Balance doesn't matter to CCP. What else can you conclude? DUST 514 is a pay more, play more, do more kind of game. Free-to-play or not, there were better ways to go about this and they ignored them.
Fundamental Problem #6: It's a PS3 exclusive. In fairness, they probably got a boatload of money to make it that way. I don't doubt that DUST will make its way to PC at some point and maybe there, with its MMO base, it will do alright. Until then, however, the players most likely to enjoy the game will be watching from the sidelines as CCP pioneers forward without them. But hey, you can buy a PS3, right? And then that $99.99 elite DUST pack so you can “blaze into battle” with you skill gains “supercharged.” And then you can still get mashed into the ground for daring to try.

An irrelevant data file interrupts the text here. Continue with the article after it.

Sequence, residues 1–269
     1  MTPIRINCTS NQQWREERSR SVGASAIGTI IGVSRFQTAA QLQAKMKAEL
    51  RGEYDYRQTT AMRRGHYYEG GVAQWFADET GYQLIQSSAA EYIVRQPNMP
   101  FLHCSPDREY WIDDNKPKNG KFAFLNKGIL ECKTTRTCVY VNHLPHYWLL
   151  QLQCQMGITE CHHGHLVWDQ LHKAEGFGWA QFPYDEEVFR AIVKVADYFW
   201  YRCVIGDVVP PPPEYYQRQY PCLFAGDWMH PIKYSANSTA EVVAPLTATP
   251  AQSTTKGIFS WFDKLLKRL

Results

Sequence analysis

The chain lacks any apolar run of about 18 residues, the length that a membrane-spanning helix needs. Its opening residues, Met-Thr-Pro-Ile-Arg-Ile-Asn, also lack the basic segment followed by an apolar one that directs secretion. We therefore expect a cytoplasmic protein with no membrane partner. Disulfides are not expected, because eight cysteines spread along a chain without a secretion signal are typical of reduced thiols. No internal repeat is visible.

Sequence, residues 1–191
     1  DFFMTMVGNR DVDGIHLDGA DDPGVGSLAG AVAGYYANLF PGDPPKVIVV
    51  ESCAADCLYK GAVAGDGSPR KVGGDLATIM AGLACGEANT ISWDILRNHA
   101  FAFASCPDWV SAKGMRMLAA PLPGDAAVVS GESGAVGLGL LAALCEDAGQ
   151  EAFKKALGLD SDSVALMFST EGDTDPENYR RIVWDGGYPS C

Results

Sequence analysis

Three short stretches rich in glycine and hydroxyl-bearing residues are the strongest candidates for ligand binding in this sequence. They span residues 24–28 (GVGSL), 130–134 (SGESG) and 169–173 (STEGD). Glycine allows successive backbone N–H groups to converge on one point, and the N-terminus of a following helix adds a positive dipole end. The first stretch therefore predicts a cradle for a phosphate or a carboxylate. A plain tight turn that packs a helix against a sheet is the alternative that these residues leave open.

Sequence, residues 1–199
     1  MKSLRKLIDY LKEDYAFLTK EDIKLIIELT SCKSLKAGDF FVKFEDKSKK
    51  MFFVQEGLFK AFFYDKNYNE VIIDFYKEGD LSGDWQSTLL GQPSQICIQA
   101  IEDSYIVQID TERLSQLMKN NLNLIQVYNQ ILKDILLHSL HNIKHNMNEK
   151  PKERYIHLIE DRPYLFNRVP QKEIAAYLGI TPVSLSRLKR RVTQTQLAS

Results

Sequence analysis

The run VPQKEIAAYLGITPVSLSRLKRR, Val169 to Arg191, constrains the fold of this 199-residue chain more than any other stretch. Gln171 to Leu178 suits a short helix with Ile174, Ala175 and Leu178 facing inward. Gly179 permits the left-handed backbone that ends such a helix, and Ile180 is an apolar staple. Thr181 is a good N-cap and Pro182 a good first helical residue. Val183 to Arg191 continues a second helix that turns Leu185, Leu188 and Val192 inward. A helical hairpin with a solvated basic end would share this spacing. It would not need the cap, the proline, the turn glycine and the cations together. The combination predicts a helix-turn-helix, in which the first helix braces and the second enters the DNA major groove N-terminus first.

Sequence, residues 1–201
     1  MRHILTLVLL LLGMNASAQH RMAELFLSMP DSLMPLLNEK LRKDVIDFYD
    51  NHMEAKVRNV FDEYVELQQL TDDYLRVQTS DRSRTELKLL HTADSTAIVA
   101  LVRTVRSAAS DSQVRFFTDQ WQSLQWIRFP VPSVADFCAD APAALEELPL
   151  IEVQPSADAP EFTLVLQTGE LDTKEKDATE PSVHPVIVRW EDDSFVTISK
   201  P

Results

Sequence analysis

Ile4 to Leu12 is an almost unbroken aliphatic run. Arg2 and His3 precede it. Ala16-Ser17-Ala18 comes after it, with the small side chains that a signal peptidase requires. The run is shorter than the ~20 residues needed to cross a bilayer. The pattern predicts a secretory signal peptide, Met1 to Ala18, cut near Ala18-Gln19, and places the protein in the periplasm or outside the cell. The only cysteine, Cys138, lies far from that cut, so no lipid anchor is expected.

I don't like being negative. Regular readers probably recognize that I'm a silver linings kind of guy, so let me end with this: at least they're trying. CCP, flawed or not, is pioneering. They are introducing a whole new audience of gamers to the world of massively multiplayer games and for that I applaud them. They are also, in a very real sense, paving the way for the Battlefields and Call of Dutys of the future to make the jump into real persistence. Their execution could be better, and there's no way I can recommend you play the game with even a slightly better option, but I hope they right they ship. DUST could be a game worth playing, and I believe CCP can do it if only they're willing to eat a little crow.
Christopher Coke / Chris has played MMORPGs since the days of MUDs and shooters since DOOM. It's with a heavy heart he dislikes DUST but crosses his fingers for a better set of patches and updates. Until then, Battlefield 3 and Planetside 2 await.